Use of whole-community bacterial indicators to monitor ecological health, function and variability within freshwater stream biofilms.

Author: Lear, Gavin; Smith, Joanna; Roberts, Kelly; Boothroyd, Ian; Lewis, Gillian

Date: 2008-08-17

Type: Conference poster

Link to this item using this URL: http://hdl.handle.net/2292/8564

The University of Auckland Library

Abstract

This study describes the extent of variability in biofilm bacterial community structure across a broad range of spatial and temporal scales and assesses whether this may be used as an indicator of stream ecological health and function. A community DNA fingerprinting technique (Automated Ribosomal Intergenic Spacer Analysis - ARISA) was used to examine the structure of bacterial communities within freshwater stream biofilms. When compared with macrobenthic invertebrate community assemblages using multi-dimensional scaling techniques, similar broad-scale trends in population structure were revealed between organisms at these different trophic levels. For both communities, spatial variability in community structure was greater between streams than within each site, or compared to temporal variability measured over 1 year. Distance-based redundancy analysis of both bacterial ARISA and macroinvertebrate data estimated that the largest cause of variation in community structure was due to differences in catchment land-use, rather than any single water quality parameter (e.g. ph or ammoniacal nitrogen). Multidimensional scaling of ARISA data also revealed significant differences in community structure between urban, and less impacted stream sites, providing evidence that whole-bacterial communities could be used as an indicator of freshwater ecological health, analogous to the way that macroinvertebrate communities have been used for many years. In conclusion, we propose the analysis of whole bacterial communities as a cost-effective, high throughput alternative indicator of freshwater ecological health.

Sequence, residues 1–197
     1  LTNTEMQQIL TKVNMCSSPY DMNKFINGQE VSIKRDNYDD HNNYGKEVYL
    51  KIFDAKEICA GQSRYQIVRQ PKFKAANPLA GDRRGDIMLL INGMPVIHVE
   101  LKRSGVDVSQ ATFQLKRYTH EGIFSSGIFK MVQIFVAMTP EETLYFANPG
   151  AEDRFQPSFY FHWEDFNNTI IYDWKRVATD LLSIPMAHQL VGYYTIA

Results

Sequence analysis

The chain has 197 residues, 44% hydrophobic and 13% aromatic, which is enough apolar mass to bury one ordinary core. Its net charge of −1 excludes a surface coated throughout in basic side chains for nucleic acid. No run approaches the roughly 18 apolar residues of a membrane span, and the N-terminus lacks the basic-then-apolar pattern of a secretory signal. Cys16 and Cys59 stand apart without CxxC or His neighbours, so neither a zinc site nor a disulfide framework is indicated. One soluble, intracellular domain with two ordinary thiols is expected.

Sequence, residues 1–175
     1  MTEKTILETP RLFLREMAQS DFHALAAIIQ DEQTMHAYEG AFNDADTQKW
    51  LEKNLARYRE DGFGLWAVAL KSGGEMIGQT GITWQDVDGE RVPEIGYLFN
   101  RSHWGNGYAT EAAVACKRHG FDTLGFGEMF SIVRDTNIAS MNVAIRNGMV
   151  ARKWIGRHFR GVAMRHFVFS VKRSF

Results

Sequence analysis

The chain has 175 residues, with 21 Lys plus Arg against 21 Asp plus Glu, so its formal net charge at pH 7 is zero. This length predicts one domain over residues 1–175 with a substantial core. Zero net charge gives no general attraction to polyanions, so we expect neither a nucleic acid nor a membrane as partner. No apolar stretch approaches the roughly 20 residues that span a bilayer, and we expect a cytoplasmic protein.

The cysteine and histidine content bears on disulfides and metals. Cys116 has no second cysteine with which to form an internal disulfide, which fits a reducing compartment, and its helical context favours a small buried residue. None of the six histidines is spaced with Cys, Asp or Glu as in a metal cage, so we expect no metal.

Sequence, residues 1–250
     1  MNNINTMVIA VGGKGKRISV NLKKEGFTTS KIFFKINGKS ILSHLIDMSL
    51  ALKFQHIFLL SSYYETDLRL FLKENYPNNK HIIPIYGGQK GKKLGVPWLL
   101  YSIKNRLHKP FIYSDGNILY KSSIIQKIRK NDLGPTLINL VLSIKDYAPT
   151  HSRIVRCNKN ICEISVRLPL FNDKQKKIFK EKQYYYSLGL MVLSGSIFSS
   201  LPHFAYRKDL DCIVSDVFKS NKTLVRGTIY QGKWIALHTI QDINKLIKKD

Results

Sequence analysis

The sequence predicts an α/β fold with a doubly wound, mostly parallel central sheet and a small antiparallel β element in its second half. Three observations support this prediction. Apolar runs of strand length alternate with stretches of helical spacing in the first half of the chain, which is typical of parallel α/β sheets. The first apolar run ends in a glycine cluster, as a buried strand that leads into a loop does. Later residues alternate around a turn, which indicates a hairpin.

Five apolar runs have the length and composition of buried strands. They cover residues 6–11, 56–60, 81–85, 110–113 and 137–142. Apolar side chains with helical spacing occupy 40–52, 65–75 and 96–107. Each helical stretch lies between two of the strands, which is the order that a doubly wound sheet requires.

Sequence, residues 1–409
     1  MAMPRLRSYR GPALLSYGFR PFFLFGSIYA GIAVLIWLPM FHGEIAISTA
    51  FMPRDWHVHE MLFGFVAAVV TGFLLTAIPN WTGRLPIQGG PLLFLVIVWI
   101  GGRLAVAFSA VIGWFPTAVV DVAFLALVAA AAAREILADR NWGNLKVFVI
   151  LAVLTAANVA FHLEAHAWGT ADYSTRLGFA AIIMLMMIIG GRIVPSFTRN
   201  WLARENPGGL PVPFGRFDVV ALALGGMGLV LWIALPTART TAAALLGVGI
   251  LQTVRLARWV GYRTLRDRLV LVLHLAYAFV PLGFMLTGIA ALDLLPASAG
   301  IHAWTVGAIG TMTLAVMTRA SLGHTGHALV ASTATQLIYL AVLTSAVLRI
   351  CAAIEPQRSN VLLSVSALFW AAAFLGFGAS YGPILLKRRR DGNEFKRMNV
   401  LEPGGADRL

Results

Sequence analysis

Citation: ["12th International Symposium on Microbial Ecology: ISME12. 17 Aug 2008"]

Copyright: https://researchspace.auckland.ac.nz/docs/uoa-docs/rights.htm